Ray Dalio manages the world’s largest hedge fund, Bridgewater Associates.
It has a tremendous track record, so when the man talks about markets, people usually listen.
Beyond that, Dalio is known for having one of the most cogent and refined understandings of the economy in the financial industry.
Lots of investors pontificate, but Dalio’s views are legitimately well respected.
As part of his mission to explain how the economy works, Dalio has put together a neat, new 30-minute animated video called “How the Economic Machine Works,” where Dalio narrates his big picture view of the economy.
“I feel a deep sense of responsibility to share my simple but practical economic template,” Dalio says. “Though it’s unconventional, it’s helped me to anticipate and sidestep the financial crisis, and it has worked well for me for over 30 years.”
Dalio is worth almost $13 billion, so it’s safe to say his economic template has served him well.
Transactions are the bedrock of the economy. It's simply buying and selling -- we make transactions all the time.
If you take total spending and divide it by the total quantity, we get price. 'If we can understand transactions, we can understand the whole economy,' Dalio says.
There are millions of different markets, and the economy consists of all transactions in all markets.
At the heart of it is the central bank, which controls interest rates and the money supply. In so doing, the central bank impacts the flow of credit.
Without credit, the modern economy would look very different. Since we have credit, lenders use it to make more money and borrowers use it to buy something they can't immediately afford.
In the short term, more credit is good for the economy because one person's spending is another person's income. If more people have more money via credit, the economy grows.
So a 'creditworthy borrower' (someone banks should and will loan to) is someone who has both the ability to repay (income) and collateral just in case (a house, financial assets).
The problem is that borrowers are too close to the 'short term debt cycle' line to really understand the impact of their borrowing decisions.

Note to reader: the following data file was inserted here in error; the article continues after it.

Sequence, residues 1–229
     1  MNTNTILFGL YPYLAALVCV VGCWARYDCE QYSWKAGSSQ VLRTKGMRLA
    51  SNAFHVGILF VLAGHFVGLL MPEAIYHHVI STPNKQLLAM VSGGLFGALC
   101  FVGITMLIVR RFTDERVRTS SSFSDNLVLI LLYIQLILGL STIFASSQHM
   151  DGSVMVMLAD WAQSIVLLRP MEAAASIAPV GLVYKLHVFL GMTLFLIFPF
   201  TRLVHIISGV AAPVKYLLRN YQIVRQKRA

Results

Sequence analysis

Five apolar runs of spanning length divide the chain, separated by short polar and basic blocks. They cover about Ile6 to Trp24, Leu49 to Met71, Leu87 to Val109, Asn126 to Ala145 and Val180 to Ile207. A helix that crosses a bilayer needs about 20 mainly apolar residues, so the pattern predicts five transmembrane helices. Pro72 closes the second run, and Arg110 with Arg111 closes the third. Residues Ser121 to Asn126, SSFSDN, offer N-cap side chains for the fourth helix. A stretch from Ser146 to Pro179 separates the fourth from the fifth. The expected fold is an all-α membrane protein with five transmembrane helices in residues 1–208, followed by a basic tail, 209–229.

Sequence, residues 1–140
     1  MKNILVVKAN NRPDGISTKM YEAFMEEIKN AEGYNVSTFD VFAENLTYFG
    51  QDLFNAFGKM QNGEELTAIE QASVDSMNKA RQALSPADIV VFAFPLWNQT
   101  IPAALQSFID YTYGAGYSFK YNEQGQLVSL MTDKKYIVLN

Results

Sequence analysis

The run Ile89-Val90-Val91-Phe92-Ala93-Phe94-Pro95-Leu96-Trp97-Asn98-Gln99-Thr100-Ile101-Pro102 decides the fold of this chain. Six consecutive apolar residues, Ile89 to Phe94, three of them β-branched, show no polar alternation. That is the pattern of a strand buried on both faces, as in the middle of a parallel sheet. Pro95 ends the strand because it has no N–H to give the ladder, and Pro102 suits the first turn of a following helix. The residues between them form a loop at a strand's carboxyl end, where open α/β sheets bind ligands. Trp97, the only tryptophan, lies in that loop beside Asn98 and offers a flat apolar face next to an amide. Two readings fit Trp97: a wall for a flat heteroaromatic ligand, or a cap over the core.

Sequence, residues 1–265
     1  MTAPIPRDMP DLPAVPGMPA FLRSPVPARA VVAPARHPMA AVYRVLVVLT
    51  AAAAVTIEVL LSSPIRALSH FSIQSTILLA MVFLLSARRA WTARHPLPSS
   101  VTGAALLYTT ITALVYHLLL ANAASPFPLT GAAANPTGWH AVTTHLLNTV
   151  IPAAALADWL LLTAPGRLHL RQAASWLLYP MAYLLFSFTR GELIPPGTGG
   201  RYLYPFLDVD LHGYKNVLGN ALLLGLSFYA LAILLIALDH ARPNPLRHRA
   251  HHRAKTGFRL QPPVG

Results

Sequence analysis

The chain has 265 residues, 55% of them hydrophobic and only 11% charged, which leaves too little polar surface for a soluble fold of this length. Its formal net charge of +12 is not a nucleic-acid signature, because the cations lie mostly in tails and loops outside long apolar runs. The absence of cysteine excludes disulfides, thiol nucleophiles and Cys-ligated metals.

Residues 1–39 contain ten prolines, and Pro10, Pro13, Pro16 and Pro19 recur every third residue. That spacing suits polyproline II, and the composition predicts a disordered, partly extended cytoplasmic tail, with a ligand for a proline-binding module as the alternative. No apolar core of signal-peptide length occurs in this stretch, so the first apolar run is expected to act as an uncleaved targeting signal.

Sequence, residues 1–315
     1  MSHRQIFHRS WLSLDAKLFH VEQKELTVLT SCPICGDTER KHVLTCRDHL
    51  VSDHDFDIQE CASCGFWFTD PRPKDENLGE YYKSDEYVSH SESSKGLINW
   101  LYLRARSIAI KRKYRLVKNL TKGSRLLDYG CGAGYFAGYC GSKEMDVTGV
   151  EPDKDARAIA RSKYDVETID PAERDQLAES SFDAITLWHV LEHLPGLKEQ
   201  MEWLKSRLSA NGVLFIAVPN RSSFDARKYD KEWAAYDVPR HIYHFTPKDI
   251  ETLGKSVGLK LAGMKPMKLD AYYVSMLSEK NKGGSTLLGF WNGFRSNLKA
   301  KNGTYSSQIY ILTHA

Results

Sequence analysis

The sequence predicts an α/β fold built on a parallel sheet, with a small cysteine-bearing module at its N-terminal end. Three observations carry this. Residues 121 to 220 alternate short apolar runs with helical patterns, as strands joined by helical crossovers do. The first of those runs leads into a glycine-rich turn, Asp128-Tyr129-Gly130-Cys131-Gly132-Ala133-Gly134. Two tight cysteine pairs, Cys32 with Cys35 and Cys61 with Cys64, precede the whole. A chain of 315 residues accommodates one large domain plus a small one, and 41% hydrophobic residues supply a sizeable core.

It is human nature to want to borrow to get the things we want now. Thanks to credit, we can always just pay it back later!
If that's a grim picture, what would an economy without credit look like? Well, the only way to boost spending (and thus growth) would be to increase productivity.
But we have a credit system. If I make $US100,000 a year, the bank gives me $US10,000 in credit. Now I have $US110,000 to spend. And since my spending is your income, now you have earned $US110,000 and can get $US11,000 from the bank.
But the central bank doesn't want things to get out of hand, and so it raises and lowers interest rates to either promote or lessen the amount of borrowing.
Notice how in 2008, the debt burden was out of control. Lending conditions were too easy and people borrowed too much. There's only one way to go from here.
The system is forced to unwind. It's called deleveraging, and it's what happened after the financial crisis.
Now we want to kick borrowing into gear, but the problem is that the central bank has pushed interest rates as low as they can go.
There are four ways to deleverage. Most people have an appetite for the last option (print money) because it feels the best in the short term.
One way we delever is through debt restructuring. Basically, banks would rather have some of something than all of nothing.
The government and households can cut spending. We know this as austerity. The government can also redistribute wealth to Main Street, hoping that will help grow the economy as people spend more.
The U.S. is doing it now in a process known as quantitative easing. As you can see, the reaction to this financial crisis resembles the 1930s.
It's the right balance between deflationary measures (austerity, debt restructuring, income redistribution) and inflationary measures (printing money, central bank bond-buying).
You want income to increase at a higher rate than debt, so that the country is 'creditworthy' again. Banks will lend and people can borrow.
Check out the timing though. Deleveraging takes a long period of time sometimes known as a 'lost decade.'
For Dalio, this is the key template. Short-term debt, long-term debt, and the productivity growth line. Looking at these three lines in conjunction can show you where we've been, where we are now, and where we're headed.
In the long run, productivity matters most. Credit will come and go, but notice how productivity stays on a steady climb. That goes for governments and it goes for individuals.
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